Fall means a lot of wonderful things in Michigan, not the least of which is a great influx of fresh, crisp apples.  Home to over 14.9 million apple trees, the state ranks third in the U.S. (behind only Washington & New York) for apple production. Apples are in fact, Michigan’s most valuable fruit crop.

You can bake with them, toss some in a salad, or grab one to eat on the go. Different varieties are well-suited to different purposes. Some are better as juice, other as cider. Many are now being used to create hard ciders across the state. Eating and drinking Michigan apples is a tasty  way to contribute to our state’s economy. With an increasingly wide variety, there’s something for nearly everyone.  Here are some fun facts followed by a quiz to test your apple knowledge.

Fun Apple Facts

  • Archaeologists have found evidence that people have been eating apples since at least 6500 B.C.
  • Apple varieties brought as seeds from Europe were spread along Native American trade routes.
  • Johnny Appleseed was a real person, who actually did impact the significant number of apples we enjoy today. His actual name was John Chapman. He owned many tree nurseries in the Midwest and sold and traded apple trees.
  • Michigan currently produces an average of 24 million bushels of apples each year.
  • There are no genetically-modified (GMO) apples grown in the state.
  • Apples are high in fiber, vitamin C, and various antioxidants. They can help prevent inflammation, among many healthy benefits.
  • Apples can bruise easily, so handle them gently.  Store them in a ventilated bag away from other foods that may have strong odors.
  • Cool air helps maintain the quality, so store them in a cool place or fridge. They will usually remain fresh for at least 1-2 months, if not longer, that way.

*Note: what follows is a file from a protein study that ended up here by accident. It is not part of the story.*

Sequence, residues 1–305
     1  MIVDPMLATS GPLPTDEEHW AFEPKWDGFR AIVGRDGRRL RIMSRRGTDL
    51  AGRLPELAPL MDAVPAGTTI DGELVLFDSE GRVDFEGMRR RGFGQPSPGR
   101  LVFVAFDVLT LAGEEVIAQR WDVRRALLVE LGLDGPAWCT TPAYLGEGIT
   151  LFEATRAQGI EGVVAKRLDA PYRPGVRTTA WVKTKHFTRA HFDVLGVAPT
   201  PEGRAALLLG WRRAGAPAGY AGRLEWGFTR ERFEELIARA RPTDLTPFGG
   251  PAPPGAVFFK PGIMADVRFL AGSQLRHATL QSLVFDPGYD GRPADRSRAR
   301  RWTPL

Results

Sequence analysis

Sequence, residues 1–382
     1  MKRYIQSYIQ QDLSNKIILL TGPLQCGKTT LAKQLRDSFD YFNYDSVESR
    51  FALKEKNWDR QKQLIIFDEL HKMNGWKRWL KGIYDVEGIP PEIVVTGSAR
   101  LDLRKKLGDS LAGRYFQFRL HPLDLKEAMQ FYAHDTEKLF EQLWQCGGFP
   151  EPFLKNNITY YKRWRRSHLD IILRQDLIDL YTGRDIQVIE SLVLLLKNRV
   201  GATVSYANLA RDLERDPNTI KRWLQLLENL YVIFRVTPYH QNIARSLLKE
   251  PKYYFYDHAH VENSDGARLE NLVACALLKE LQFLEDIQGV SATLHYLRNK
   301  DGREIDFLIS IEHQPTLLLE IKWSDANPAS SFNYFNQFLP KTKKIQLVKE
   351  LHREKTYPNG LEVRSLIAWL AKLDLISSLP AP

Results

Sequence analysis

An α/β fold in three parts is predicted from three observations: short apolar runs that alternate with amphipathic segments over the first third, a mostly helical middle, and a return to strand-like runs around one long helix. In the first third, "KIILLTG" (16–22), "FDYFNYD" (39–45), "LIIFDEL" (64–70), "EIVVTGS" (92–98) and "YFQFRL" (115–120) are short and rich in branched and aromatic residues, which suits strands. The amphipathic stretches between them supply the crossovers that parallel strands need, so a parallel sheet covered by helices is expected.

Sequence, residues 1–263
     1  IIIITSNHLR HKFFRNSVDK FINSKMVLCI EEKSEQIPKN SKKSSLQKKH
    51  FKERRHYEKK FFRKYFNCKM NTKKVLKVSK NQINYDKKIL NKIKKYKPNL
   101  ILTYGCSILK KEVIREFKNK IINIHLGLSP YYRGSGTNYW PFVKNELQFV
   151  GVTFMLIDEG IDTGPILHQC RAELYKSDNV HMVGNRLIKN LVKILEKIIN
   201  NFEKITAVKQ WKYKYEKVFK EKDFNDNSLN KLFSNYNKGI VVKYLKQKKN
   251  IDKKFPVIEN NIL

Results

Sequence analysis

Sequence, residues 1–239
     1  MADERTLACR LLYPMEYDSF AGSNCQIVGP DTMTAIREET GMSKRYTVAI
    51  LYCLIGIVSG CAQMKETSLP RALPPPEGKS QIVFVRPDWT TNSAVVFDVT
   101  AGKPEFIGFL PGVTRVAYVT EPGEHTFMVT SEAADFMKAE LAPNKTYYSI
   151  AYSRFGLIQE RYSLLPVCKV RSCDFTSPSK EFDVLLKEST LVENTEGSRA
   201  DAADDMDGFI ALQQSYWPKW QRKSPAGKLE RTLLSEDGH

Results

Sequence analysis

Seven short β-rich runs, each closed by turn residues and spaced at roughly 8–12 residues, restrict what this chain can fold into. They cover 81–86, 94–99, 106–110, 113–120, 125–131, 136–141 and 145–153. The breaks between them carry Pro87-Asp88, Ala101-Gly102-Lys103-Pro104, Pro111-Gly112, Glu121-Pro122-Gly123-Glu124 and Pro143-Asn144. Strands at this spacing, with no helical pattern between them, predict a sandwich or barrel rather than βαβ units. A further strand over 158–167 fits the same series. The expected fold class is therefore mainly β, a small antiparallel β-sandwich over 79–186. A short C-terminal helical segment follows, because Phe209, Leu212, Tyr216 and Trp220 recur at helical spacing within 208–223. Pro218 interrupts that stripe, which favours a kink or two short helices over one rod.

Photo of apple bin

Fresh, ripe apples from Blake’s Orchard in Almont.

Test Your Apple Knowledge

Read the descriptions below and name the variety to test your apple knowledge. Answers can be found after the quiz.

  1. The name gives away the origin of this pale burgundy cross between a Wagener and Jonathan. They are very crunchy and generally store quite well.
  2. A cross between Ben Davis and McIntosh, this red apple is slightly sweeter than its ancestors. It has a hint of tartness, and is often used in desserts.
  3. This eating apple is cold-tolerant and pocket-sized. Consequently, a company now known for pocket-sized devices named one of its first products after it.
  4. This yellow gem is one of the most popular varieties in the world. Beneath its thin skins lies a very sweet treat.
  5. Though its name may raise suspicion in some parts of the country, this tantalizing fruit is particularly useful for cooking. The green and dark red variety ripens late in the season and stores well.
  6. This mostly red apple, with patches of lime green is widely regarded as one of the best flavored, and is popular for eating fresh as well as cooking.  It’s not surprising that it rocks, having been discovered in Woodstock, New York.
  7. One of the new kids in the lineup of Michigan apples, this crisp, sweet apple has a tremendously long shelf-life and originated in Japan.
  8. The unmistakable dark red color and bumps on the bottom make this famous American variety one of the easiest apples to identify.
  9. Discovered in Sparta, this mild, juicy apple is Michigan’s own! It has a particularly short season from late summer to October.
  10. Named for its parents, this apple does particularly well in Michigan’s cool climate. It’s light yellow with a bright red overlay, and is typically quite large.
  11. An extremely early bearer, the mildly tart flavor of this yellowish-green fruit gets the Michigan autumn apple harvest off to a tasty start.
  12. In the storied history of the apple industry, this variety is a relative newcomer. Introduced by the University of Minnesota in 1991, the juiciness and crispness of this red and yellow fruit have made it a rising star.
  13. Orangish-red in color, this local favorite, originated in New Zealand, and has a thinner skin with a soft, sweet flesh.
  14. Living up to its name, this combination of McIntosh and Delicious, is a sweet and tart ruby red treat. It’s a common choice for candy and caramel apples, as well sliced in salads, or as a crunchy snack.

Answer Key

Check the answer key below the picture test your apple knowledge.

Each of these bags contain a peck of apples, which is a quarter of a bushel, or roughly 10-12 pounds of fruit.

Answer Key: 1) Ida Red; 2) Cortland; 3) McIntosh; 4) Golden Delicious; 5) Northern Spy; 6) Jonathan; 7) Fuji; 8) Red Delicious; 9) Paula Red; 10) Jonagold; 11. Ginger Gold; 12) Honeycrisp; 13) Gala; 14) Empire

Author: BMN Staff